In cases where the United States Supreme Court has declared residency requirements to be unconstitutional, the Court has held that the challenged statutes violated newer residents’ right to equal protection of the law. U.S. Const. amend. XIV, e 1. See generally Attorney General of New York v. Soto-Lopez, 476 U.S. 898 (1986); Hooper v. Bernalillo County Assessor, 472 U.S. 611 (1985); Zobel v. Williams, 457 U.S. 55 (1982); Memorial Hospital v. Maricopa County, 415 U.S. 250 (1974); Dunn v. Blumstein, 405 U.S. 330 (1972); and Shapiro v. Thompson, 394 U.S. 618 (1969). The Court’s approach to analyzing such constitutional claims, however, has varied from case to case. Compare Hooper, 472 U.S. 611 (1985) with Soto-Lopez, 476 U.S. 898 (1986). “Few areas of constitutional jurisprudence have proven more intractable to the judiciary – in terms of establishing both a coherent and consistent analytical framework – than analysis under the Equal Protection Clause.” Baccus v. Karger, 692 F. Supp. 290, 293 (S.D.N.Y. 1988).
The usual standard of review for a statute or regulation challenged on equal protection grounds is the rational-basis test. City of Cleburne v. Cleburne Living Center,Inc., 473 U.S. 432 (1985). Under this test, legislation is presumed to be valid and will be sustained as long as the classification drawn by the statute is rationally related to a legitimate state interest and neither discriminates against a suspect classification nor impinges on a fundamental right. Id. at 440. Nevertheless, “[i]t is well established that where a law classifies by race, alienage, or national origin, and where a law classifies in such a way as to infringe constitutionally protected fundamental rights, heightened scrutiny under the Equal Protection Clause is required.” Soto-Lopez, 476 U.S. 898, 906 n.6 (1986).
The Supreme Court has consistently recognized a constitutional right to interstate travel. See e.g., Dunn v. Blumstein, 405 U.S. 330 (1972); Shapiro v. Thompson, 394 U.S. 618 (1969). Although the Court has never determined the precise textual source of this privilege, it has nevertheless asserted that “[f]reedom to travel throughout the United States has long been recognized as a basic right under the Constitution …. And it is clear that freedom to travel includes the ‘freedom to enter and abide in any State in the Union.'” Soto-Lopez, 476 U.S. at 904-05, quoting Dunn v. Blumstein, 405 U.S. 330, 388 (1972). The Court has explained that “[i]n addition to protecting persons against the erection of actual barriers to interstate movement, the right to travel, when applied to residency requirements, protects new residents of a state from being disadvantaged because of their recent migration or from otherwise being treated differently from longer term residents.” Zobel v. Williams, 457 U.S. 55, 60 n.6 (1982).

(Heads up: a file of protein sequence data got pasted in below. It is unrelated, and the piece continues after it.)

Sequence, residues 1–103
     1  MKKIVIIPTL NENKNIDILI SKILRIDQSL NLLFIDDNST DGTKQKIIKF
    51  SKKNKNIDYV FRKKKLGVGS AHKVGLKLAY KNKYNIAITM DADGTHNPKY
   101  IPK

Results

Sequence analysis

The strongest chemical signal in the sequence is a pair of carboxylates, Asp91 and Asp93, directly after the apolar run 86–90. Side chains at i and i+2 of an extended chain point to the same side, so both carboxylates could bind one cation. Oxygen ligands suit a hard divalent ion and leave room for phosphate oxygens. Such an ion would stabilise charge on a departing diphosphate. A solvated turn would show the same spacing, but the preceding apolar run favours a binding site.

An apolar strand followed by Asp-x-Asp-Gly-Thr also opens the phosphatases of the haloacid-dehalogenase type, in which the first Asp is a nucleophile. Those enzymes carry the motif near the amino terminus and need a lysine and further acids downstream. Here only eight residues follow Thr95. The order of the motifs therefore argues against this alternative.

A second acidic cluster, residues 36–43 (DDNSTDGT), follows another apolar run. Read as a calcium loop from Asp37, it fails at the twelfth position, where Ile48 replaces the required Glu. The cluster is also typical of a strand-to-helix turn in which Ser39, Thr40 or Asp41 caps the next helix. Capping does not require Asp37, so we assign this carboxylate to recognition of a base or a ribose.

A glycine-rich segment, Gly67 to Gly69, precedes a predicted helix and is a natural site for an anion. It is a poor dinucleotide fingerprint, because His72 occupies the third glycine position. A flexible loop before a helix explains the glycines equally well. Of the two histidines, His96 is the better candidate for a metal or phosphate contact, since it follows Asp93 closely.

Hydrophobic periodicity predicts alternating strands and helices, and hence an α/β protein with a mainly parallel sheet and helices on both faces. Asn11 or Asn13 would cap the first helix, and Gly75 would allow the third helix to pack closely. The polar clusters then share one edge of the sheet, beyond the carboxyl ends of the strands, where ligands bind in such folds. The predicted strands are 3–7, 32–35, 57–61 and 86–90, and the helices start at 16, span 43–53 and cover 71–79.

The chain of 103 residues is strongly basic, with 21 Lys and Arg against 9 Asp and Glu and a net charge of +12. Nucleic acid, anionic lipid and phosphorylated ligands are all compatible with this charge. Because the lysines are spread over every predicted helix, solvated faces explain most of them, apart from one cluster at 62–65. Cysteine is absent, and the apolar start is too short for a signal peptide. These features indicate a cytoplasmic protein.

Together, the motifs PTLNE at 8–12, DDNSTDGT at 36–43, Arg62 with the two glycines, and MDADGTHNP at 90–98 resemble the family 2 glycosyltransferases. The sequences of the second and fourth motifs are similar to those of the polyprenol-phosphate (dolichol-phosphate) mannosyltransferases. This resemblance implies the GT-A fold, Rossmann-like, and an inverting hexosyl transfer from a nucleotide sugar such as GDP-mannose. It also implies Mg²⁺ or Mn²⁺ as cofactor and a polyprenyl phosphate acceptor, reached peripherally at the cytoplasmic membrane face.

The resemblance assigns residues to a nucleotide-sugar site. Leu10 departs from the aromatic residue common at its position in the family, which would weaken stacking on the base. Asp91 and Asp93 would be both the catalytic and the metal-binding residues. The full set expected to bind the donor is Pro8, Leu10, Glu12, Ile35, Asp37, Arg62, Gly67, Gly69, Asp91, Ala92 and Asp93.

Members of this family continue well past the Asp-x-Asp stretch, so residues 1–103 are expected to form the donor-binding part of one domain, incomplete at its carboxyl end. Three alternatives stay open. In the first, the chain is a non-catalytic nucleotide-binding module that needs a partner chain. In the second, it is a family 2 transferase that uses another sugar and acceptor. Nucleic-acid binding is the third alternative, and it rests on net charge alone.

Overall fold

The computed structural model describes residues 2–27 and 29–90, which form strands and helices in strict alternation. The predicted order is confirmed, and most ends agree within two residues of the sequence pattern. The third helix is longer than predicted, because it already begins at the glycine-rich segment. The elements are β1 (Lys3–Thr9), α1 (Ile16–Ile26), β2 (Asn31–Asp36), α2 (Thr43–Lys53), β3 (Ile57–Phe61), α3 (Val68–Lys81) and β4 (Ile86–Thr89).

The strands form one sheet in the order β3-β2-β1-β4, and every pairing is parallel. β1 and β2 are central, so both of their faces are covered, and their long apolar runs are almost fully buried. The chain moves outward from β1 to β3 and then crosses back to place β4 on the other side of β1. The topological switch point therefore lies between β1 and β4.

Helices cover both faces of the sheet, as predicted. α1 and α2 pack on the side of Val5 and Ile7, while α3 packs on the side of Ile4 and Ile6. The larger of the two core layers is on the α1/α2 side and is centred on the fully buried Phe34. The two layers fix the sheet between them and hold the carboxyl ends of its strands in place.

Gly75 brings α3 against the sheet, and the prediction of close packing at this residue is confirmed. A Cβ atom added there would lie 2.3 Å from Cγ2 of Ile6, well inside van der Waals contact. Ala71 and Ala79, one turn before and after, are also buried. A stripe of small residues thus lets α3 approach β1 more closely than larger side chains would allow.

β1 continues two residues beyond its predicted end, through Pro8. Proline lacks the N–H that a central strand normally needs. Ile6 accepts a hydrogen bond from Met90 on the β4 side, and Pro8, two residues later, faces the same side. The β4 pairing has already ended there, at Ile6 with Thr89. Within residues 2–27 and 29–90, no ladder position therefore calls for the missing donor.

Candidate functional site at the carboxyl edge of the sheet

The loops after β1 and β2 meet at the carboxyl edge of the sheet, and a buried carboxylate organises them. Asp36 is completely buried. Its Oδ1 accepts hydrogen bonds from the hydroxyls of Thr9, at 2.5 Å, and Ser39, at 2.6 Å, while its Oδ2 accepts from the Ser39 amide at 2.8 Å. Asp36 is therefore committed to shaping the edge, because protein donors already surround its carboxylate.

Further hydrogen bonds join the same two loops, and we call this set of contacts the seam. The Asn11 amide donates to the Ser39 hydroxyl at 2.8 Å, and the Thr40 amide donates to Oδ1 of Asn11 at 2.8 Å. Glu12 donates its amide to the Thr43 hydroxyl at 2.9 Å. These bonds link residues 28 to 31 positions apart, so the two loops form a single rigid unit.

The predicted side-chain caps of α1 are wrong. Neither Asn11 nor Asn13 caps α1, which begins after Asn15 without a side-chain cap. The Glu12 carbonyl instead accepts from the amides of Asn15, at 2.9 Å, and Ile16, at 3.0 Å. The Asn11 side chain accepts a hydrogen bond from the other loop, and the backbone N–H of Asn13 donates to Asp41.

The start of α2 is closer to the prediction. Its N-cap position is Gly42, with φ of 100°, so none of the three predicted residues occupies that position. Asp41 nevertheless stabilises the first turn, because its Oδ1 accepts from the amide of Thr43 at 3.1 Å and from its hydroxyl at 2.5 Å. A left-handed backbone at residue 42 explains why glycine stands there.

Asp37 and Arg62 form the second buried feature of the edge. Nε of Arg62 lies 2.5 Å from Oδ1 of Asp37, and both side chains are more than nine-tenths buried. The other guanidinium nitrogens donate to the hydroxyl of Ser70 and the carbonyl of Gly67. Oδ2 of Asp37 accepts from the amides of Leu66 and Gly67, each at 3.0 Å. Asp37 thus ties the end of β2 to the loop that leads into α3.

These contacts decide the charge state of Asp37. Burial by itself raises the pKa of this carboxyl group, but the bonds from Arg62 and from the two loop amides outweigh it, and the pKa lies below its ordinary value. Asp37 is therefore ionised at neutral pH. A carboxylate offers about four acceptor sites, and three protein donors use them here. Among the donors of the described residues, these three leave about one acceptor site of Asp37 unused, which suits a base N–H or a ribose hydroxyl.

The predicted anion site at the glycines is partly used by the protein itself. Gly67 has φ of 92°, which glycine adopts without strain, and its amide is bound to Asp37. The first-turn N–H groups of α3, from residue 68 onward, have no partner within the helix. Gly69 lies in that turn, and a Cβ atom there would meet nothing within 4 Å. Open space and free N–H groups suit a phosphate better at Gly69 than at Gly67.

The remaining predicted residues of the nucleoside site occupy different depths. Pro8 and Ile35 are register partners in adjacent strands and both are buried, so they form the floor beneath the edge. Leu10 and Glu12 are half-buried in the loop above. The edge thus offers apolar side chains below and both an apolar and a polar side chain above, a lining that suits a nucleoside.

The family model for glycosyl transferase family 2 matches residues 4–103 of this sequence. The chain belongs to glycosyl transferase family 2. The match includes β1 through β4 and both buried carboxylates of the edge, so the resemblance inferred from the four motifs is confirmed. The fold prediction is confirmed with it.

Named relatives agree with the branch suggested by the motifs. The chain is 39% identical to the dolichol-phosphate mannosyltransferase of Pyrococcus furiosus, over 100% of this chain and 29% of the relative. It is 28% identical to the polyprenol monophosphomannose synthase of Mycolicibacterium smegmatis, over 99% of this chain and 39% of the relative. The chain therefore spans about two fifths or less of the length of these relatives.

Recent decisions of the Court have differed, however, as to whether the right to travel is a fundamental right independent of the equal protection clause; see Shapiro v. Thompson, 394 U.S. 618, 630-31, quoting United States v. Guest, 383 U.S. 745, 757-58 (1966); or merely one aspect of the equal protection guarantee. See Zobel v. Williams, 457 U.S. 55, 60 n.6 (1982) (“In reality, right to travel analysis refers to little more than a particular application of equal protection analysis. Right to travel cases have examined, in equal protection terms, state distinctions between newcomers and long term residents.”) In each of the cases where the right to travel has been treated as an independent fundamental right, the Court has subjected the challenged statute to heightened scrutiny from the outset and has struck down the statute if it did not serve a compelling state interest. See Soto-Lopez; 476 U.S. 898, Memorial Hospital, 415 U.S. 250; Shapiro, 394 U.S. 618. In other cases, where the Court has treated the right to travel merely as an aspect of the right to equal protection, the Court has used a rational-relationship analysis before considering whether heightened scrutiny was merited. See Hooper, 472 U.S. 611; Zobel, 457 U.S. 55. The Court has noted, however, that “[t]he analysis in all of these cases … is informed by the same guiding principle – the right to migrate protects residents of a State from being disadvanataged, or from being treated differently, simply because of the timing of their migration, from other similarly situated residents.” Soto-Lopez, 476 U.S. at 906.
To begin our evaluation of the constitutionality of the definition of “veterans” in Conn. Gen. Stat. e 27-103(b) and 27-122b, it will be helpful to review a few of the critical United States Supreme Court cases that have invalidated state residency requirements. One of the first Supreme Court cases to apply the right to migrate analysis to statutory residency requirements was Shapiro v. Thompson, 394 U.S. 618 (1968). In Shapiro, the Court invalidated three statutes from different jurisdictions which denied welfare benefits to residents who had not resided in their respective jurisdictions for at least a year. The Court held that each of the three statutes created a classification which constituted an “invidious discrimination” denying equal protection of the laws.2 Id. at 627-28. The Court stated that moving from one State to another or to the District of Columbia is a constitutional right which the individual states may not unreasonably burden or restrict by statute, rule or regulation. Id. at 629.